The VARMAX Procedure |

Cointegration |

This section briefly introduces the concepts of cointegration (Johansen 1995b).

**Definition 1.***(Engle and Granger 1987): If a series with no deterministic components can be represented by a stationary and invertible ARMA process after differencing times, the series is integrated of order , that is, .***Definition 2.***(Engle and Granger 1987): If all elements of the vector are and there exists a cointegrating vector such that for any , the vector process is said to be cointegrated .*

A simple example of a cointegrated process is the following bivariate system:

with and being uncorrelated white noise processes. In the second equation, is a random walk, , . Differencing the first equation results in

Thus, both and are processes, but the linear combination is stationary. Hence is cointegrated with a cointegrating vector .

In general, if the vector process has components, then there can be more than one cointegrating vector . It is assumed that there are linearly independent cointegrating vectors with , which make the matrix . The rank of matrix is , which is called the *cointegration rank* of .

This section briefly discusses the implication of cointegration for the moving-average representation. Let be cointegrated , then has the Wold representation:

where is , with , and .

Assume that if and is a nonrandom initial value. Then the difference equation implies that

where and is absolutely summable.

Assume that the rank of is . When the process is cointegrated, there is a cointegrating matrix such that is stationary.

Premultiplying by results in

because and .

Stock and Watson (1988) showed that the cointegrated process has a common trends representation derived from the moving-average representation. Since the rank of is , there is a matrix with rank such that . Let be a matrix with rank such that ; then has rank . The has rank . By construction of ,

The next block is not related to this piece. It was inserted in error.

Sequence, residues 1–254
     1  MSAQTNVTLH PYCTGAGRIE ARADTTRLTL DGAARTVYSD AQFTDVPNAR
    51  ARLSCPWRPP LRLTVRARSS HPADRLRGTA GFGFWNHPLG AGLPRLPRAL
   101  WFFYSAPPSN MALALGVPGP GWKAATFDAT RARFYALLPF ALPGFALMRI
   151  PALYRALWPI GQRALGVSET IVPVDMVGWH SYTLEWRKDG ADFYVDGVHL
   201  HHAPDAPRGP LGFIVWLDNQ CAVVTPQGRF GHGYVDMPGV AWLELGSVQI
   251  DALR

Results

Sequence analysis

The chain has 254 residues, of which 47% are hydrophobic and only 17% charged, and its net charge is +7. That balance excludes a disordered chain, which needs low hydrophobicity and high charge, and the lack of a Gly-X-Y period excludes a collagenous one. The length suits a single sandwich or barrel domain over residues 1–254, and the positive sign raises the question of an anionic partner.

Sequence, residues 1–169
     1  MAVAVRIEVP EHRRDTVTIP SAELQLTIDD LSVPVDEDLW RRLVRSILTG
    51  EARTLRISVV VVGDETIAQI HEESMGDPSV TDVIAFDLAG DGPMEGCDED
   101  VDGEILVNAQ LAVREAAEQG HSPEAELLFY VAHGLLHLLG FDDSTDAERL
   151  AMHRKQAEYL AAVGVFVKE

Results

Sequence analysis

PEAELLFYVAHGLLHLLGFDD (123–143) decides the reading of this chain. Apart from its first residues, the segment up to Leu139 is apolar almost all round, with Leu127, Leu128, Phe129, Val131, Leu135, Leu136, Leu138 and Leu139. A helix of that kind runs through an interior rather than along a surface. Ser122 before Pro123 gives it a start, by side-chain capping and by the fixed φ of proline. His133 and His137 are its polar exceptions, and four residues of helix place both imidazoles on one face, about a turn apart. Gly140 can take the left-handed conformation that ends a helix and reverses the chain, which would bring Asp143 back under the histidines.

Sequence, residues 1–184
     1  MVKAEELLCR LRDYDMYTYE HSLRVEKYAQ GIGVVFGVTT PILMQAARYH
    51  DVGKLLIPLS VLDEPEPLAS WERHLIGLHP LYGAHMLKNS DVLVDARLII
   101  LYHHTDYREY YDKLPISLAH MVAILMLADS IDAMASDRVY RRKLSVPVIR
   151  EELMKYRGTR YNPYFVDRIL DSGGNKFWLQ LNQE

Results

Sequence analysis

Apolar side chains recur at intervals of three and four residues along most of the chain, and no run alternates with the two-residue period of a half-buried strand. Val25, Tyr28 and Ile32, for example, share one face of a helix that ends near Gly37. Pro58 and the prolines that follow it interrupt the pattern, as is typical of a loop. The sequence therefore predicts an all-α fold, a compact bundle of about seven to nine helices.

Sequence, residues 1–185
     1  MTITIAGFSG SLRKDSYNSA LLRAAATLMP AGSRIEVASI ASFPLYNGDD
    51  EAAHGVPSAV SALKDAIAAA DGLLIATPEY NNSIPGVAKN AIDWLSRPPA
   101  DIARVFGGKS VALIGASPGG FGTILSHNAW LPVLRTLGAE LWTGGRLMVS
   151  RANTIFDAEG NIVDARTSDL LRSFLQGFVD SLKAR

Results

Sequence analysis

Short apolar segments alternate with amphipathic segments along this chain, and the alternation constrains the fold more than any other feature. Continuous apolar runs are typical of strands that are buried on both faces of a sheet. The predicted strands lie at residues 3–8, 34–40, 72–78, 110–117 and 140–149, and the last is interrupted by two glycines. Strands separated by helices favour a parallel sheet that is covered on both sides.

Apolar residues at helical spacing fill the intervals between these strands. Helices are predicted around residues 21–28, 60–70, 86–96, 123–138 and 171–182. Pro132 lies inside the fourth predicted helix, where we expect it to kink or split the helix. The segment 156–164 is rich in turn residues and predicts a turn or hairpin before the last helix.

where . Since and , lies in the column space of and can be written

where is a -dimensional vector. The common trends representation is written as

and

where , , , and .

Stock and Watson showed that the common trends representation expresses as a linear combination of random walks () with drift plus components (.

Stock and Watson (1988) proposed statistics for common trends testing. The null hypothesis is that the -dimensional time series has common stochastic trends, where and the alternative is that it has common trends, where . The test procedure of versus common stochastic trends is performed based on the first-order serial correlation matrix of . Let be a matrix orthogonal to the cointegrating matrix such that and . Let and . Then

Combining the expression of and ,

The Stock-Watson common trends test is performed based on the component by testing whether has rank against rank .

The following statements perform the Stock-Watson test for common trends:

proc iml; sig = 100*i(2); phi = {-0.2 0.1, 0.5 0.2, 0.8 0.7, -0.4 0.6}; call varmasim(y,phi) sigma=sig n=100 initial=0 seed=45876; cn = {'y1' 'y2'}; create simul2 from y[colname=cn]; append from y; quit; data simul2; set simul2; date = intnx( 'year', '01jan1900'd, _n_-1 ); format date year4. ; run; proc varmax data=simul2; model y1 y2 / p=2 cointtest=(sw); run;

In Figure 30.51, the first column is the null hypothesis that has common trends; the second column is the alternative hypothesis that has common trends; the third column contains the eigenvalues used for the test statistics; the fourth column contains the test statistics using AR() filtering of the data. The table shows the output of the case .

Common Trend Test | |||||
---|---|---|---|---|---|

H0: Rank=m |
H1: Rank=s |
Eigenvalue | Filter | 5% Critical Value | Lag |

1 | 0 | 1.000906 | 0.09 | -14.10 | 2 |

2 | 0 | 0.996763 | -0.32 | -8.80 | |

1 | 0.648908 | -35.11 | -23.00 |

The test statistic for testing for 2 versus 1 common trends is more negative (–35.1) than the critical value (–23.0). Therefore, the test rejects the null hypothesis, which means that the series has a single common trend.

Copyright © 2008 by SAS Institute Inc., Cary, NC, USA. All rights reserved.